Ressentiment, Revenge and Punishment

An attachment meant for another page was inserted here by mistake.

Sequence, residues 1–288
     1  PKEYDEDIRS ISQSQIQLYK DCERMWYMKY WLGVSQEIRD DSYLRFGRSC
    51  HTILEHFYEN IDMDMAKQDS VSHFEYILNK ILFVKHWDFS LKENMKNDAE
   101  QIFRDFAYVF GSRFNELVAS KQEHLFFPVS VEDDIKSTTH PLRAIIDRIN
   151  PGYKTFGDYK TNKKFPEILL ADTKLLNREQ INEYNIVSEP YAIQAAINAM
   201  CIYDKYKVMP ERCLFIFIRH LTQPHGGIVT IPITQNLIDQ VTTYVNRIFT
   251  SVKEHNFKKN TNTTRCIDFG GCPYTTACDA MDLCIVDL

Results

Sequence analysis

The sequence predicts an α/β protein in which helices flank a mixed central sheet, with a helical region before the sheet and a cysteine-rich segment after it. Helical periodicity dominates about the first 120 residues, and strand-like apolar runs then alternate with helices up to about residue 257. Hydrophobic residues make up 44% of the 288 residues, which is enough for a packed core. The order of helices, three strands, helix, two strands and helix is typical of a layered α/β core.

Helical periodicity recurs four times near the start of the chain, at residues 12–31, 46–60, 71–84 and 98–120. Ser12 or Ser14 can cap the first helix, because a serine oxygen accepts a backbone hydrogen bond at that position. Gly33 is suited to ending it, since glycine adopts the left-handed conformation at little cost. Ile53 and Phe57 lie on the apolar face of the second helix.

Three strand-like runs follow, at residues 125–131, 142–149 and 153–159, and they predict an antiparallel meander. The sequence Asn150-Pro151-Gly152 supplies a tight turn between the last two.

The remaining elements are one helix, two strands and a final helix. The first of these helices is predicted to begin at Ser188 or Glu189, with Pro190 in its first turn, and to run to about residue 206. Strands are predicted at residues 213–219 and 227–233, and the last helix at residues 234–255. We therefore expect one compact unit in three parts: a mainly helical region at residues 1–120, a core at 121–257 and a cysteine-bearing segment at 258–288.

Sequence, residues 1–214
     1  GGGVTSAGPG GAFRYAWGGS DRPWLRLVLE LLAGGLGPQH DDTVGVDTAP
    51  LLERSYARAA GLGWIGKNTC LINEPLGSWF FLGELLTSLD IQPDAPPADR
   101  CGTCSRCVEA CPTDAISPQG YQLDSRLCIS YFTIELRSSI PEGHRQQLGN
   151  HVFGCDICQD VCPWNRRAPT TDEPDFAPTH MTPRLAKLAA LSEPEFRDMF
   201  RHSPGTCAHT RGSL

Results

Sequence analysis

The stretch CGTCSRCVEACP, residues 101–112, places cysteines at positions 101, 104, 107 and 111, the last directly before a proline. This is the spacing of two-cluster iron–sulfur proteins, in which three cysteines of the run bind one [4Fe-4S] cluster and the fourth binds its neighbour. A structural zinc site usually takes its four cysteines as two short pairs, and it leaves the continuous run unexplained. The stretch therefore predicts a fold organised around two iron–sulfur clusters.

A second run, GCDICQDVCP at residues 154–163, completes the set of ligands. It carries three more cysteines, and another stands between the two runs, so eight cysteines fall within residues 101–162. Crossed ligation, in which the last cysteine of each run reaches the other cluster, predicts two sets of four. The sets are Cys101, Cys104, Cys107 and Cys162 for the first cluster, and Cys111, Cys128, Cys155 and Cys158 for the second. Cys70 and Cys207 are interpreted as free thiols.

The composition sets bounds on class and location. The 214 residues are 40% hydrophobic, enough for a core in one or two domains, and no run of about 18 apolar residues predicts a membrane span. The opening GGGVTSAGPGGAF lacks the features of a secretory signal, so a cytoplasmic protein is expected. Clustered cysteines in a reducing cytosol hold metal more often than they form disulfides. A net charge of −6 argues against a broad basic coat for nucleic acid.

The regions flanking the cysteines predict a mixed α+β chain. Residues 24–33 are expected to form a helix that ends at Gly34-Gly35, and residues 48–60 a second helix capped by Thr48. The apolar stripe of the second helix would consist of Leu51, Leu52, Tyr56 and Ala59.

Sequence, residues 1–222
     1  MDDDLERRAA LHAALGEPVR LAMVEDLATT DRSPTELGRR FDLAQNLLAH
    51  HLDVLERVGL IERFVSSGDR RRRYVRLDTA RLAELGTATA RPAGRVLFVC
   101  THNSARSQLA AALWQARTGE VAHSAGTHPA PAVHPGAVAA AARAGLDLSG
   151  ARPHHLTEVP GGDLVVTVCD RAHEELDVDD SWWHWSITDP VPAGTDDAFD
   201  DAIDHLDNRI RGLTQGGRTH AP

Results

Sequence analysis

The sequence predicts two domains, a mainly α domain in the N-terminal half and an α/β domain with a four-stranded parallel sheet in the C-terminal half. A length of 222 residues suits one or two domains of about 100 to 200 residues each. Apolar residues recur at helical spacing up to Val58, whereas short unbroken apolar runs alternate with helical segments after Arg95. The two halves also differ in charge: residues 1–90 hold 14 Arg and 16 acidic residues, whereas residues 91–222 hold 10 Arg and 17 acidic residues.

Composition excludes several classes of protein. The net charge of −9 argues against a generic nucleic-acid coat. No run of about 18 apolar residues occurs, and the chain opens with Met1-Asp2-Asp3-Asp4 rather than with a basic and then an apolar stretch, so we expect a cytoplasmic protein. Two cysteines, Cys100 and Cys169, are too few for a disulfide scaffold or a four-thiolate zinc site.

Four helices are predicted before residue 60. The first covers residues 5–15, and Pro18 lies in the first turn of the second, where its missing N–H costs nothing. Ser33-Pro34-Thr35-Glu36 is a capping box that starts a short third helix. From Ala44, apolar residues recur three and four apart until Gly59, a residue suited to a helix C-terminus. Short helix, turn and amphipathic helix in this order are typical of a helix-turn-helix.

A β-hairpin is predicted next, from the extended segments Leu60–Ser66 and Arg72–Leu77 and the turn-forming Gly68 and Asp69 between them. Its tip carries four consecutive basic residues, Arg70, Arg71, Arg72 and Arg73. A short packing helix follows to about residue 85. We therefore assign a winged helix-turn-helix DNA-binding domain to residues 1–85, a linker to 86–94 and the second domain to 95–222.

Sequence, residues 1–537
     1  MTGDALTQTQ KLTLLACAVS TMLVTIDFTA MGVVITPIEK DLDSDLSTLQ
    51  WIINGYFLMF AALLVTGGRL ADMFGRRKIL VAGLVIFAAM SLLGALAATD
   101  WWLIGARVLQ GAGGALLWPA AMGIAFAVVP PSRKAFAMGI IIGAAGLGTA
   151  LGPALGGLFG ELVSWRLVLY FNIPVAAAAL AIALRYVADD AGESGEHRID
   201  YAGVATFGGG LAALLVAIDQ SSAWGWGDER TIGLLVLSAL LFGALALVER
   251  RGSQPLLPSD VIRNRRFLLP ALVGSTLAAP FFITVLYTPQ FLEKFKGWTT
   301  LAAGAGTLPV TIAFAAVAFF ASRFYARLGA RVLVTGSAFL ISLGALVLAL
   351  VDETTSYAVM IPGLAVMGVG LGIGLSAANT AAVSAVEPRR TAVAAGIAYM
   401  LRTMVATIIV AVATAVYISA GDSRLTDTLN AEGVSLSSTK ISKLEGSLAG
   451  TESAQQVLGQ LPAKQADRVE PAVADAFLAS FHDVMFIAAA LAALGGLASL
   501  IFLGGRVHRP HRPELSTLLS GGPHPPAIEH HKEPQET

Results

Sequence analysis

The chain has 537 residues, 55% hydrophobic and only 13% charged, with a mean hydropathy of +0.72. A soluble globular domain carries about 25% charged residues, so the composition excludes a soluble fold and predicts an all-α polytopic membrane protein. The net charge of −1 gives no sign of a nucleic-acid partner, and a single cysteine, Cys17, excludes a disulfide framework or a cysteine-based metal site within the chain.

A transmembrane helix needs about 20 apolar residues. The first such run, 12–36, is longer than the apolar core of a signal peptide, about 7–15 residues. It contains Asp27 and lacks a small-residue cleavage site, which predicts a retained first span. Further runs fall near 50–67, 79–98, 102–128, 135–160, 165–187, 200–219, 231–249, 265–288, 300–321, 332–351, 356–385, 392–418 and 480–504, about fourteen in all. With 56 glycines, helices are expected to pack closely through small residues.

Of all the philosophers who have looked beyond punishment to the motives and forces which lie behind it, both as a moral concept and as a social institution, Friedrich Nietzsche is the most prominent. Nietzsche's account is quite different, but he too wants to criticize revenge, and not just condemn it. Nietzsche is choosing the other horn of the moral dilemma posed by an identification of punishment with revenge. If Nietzsche's dialogue with Duhring extends well beyond the realm of moral value, his corresponding relation to Paul Ree is far more narrowly focused. Ree and Nietzsche had been friends during what proved a crucial period of intellectual development for each. The real problem for Nietzsche, he says, is not the origin of morality, but the value of morality. Much of Nietzsche's thinking about morality is a dialogue with Duhring. Nietzsche's use of the category of ressentiment in his analysis of morality has been particularly influential.